And that was the beauty of the championship. And why it absolutely exploded in popularity in the early 90s But in 1993, all of that changed. The Group A rules were thrown out the window by the JAF, in place of an all new Super Touring class. Super Touring cars were basically Formula 2 class cars, entirely different animals.
Cars that the Japanese racing diehards had historically just never connected with. And just like the classes that came before it: Budgets became too high. Logistics became too complicated and factory teams were forced to drop out one by one until there was no competition left. The All-Japan Touring Car Championship as people knew it, was now dead But the Japan Automobile Federation wasn’t dumb, they knew this was coming. And they knew that people loved seeing modified street cars ripping down Fuji.
So once that championship series died , they were quick to create an alternative for fans They Called it the All Japan GRAND Touring Car Championship Or J-G-T-C And well, JGTC was everything you could hope for As great as Godzilla was in the old series, seeing the same car win over and over.. And over and over got old The JGTC was formed to prevent a one-make domination from happening again. The rules evolved year over year so that racing was always exciting and competition was close. There were imposed limits on power and weight penalties given out to the fastest cars. And those JDM legends that you spent so many hours and credits grinding for in Gran turismo? Those cars were built for this JGTC. In its early seasons, the JGTC had 2 classes, GT1 and GT2 cars And the first JTGC winner? Well that was a Calsonic GTR..
Now I know I know, I just said the whole point of the series was to make racing more competitive. “So how did the Calsonic GTR keep winning then” you may ask Well, it's not THAT Calsonic GTR. This was an entirely new one, but it still had Kageyama behind the wheel. (Talk about some other cars in this series) But alongside the new Calsonic GTR were cars that were just as awesome. Keiichi Tsuchiya and Team Kunimitsu were in their 911 RSR. Team SARD raced in their 4 banger toyota supra Then there was the BLITZ Supra and Shiftpoint Supra, both bold enough to race with the all new 2J Hell, team Taisan had a Ferrari F40 AND a Porsche 962C There was even a Lamborghini Countach on the grid.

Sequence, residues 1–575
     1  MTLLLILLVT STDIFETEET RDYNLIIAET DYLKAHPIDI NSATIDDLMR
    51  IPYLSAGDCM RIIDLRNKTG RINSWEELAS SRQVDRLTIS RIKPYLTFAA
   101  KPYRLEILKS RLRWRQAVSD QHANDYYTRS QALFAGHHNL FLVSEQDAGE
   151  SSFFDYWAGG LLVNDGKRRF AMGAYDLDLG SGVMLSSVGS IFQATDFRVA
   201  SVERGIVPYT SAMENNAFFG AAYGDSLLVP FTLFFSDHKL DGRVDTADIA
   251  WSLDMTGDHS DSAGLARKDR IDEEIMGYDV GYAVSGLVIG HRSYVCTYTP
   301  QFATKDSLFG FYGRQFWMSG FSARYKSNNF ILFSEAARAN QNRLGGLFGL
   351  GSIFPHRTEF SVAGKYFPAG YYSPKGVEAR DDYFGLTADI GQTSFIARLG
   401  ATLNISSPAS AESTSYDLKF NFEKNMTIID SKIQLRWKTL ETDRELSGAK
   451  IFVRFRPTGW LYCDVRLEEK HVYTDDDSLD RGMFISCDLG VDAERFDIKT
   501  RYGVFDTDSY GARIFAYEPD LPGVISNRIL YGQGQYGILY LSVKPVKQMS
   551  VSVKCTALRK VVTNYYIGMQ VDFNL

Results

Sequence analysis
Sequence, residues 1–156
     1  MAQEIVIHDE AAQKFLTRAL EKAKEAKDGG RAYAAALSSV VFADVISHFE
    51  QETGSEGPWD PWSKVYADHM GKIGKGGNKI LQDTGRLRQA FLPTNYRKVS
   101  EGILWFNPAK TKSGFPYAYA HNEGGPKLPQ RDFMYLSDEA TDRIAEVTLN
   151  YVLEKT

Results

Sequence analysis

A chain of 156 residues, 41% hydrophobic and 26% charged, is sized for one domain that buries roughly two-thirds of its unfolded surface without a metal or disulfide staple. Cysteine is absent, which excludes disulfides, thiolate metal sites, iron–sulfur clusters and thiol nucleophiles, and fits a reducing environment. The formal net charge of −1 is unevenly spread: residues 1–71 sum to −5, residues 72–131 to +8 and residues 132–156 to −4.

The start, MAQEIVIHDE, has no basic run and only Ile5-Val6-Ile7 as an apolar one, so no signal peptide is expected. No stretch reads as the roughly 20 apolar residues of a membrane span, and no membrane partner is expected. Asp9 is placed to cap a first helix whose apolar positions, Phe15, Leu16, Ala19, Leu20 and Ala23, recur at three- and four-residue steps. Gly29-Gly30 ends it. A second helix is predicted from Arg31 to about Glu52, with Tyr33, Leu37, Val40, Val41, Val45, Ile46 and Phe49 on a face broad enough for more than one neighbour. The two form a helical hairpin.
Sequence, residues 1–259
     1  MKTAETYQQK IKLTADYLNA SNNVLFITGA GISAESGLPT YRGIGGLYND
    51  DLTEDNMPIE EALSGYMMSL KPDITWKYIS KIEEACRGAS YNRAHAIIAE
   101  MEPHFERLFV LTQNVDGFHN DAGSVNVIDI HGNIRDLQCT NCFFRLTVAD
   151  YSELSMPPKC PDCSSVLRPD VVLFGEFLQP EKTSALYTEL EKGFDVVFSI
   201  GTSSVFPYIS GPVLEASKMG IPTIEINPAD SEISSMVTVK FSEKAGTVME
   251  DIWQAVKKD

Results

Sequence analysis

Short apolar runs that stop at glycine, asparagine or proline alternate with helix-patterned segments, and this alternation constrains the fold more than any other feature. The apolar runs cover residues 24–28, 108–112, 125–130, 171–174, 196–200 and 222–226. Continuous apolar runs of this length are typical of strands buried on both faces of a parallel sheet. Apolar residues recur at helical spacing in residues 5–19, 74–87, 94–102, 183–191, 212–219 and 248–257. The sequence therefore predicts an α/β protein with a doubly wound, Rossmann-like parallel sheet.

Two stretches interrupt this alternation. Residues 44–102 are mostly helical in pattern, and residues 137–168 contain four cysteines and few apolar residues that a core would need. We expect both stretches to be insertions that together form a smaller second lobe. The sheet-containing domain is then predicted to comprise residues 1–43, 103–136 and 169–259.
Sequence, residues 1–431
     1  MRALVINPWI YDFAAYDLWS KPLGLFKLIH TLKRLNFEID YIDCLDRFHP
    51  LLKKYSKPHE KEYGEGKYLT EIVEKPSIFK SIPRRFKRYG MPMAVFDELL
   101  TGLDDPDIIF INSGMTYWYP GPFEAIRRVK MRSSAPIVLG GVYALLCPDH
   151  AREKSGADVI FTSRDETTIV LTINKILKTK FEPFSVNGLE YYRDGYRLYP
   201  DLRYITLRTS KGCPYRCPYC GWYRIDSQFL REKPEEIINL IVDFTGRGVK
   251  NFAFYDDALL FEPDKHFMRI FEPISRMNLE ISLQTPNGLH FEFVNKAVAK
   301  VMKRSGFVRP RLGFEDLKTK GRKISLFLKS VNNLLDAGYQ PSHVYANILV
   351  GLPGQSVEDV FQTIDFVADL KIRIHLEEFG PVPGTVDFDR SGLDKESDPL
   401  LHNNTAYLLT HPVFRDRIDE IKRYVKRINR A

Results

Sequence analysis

And did I mention this was just the GT1 class? The GT2 class was slower but just as impressive With 911 turbos, FC RX7s, Skyline GTS and GTS-rs, E30s, 964 turbos, The JAF made sure to monitor each race and season closely and make adjustments accordingly. But out the gate, the GT1 cars were quickly becoming too expensive to obtain, maintain, and operate. And so, they JAF, having learned from their past, adapted again. They ditched GT1 and GT2 and made two new main classes: GT300 and GT500.
And, at least at the beginning, the difference was easy. GT300 cars had 300HP and GT500 had 500hp. And the best part was that both classes took to the racetrack at the same exact time so overtaking was never a question of if but when, so racing was always a thrill Plus, to prevent another Godzilla takeover… weight penalties were added to the regulations.
For every point you scored in the series, you had to add 2kg of weight to your car. So if you had 45 points going into the final race of the season, you also had an extra 90kg of weight thrown in your car. And that meant that the field was ALWAYS close, with fierce battles between drivers at any point of the race By 1996, the grid looked nothing like it ever had before. No longer was it just 12 different colors of GTR There were Ferrari F40s Lotus Esprits Honda NSXRs Porsche 911 GT2s and Carrera RSRs Dodge Vipers FD RX7s Lamborghini Diablos Mclaren was on top of the world at the time. They just won at Le Mans and had built the McLaren F1 GTR to better compete with Porsche’s GT1.
A few of those F1 GTR cars made it overseas to Kaumichi Goh, the founder of Team Goh. Fully backed by the McLaren factory team, Team Goh won the 1996 JGTC season. BUT, that season was the first and ONLY time a non-Japanese manufacturer won the JGTC title. Team Goh and MClaren dropped out of JGTC immediately after, citing that they were being forced out by the Japanese manufacturers that had a grip on JAF regulations. Mclaren argued that japan manufacturers couldn't stand to be embarrassed on their home turf.
BUT boohoo, maybe there was some sketchy stuff going on, but can we talk about the Supras?? Specifically the most important Supra of all time. The Castrol TOM’s Toyota Supra GT. That's right, just like soooo many greats that lived in my Gran Turismo 2 garage, this car was born to compete in JGTC And well, the Castrol TOMS Supra is arguably even more iconic than Calsonics GTR depending on who you ask. You see, Toyota was sick of Nissan winning, and they needed to find an answer. And they did so by being clever.
The JGTC required that engines be from the original manufacturer. This prevented teams from building brand-new, unfair engines from the ground up. It was the reason why Nissan had to stick with their RB26 But technicalllly, they never said you have to use the engine that was designed for that car. Toyota saw this little loophole and did something borderline sacreligious They ditched the 2JZ. Sure, the 2j is legendary for its power potential, but it was also a heavy iron block And so, in its place was a 3SGTE, yes the smaller 4 cylinder turbo from a 90s Celica or MR2 Of course, this 3S was nothing like the one you found in your Mr2 This was the same engine that was found in the Toyota World Rally cars that dominated WRC.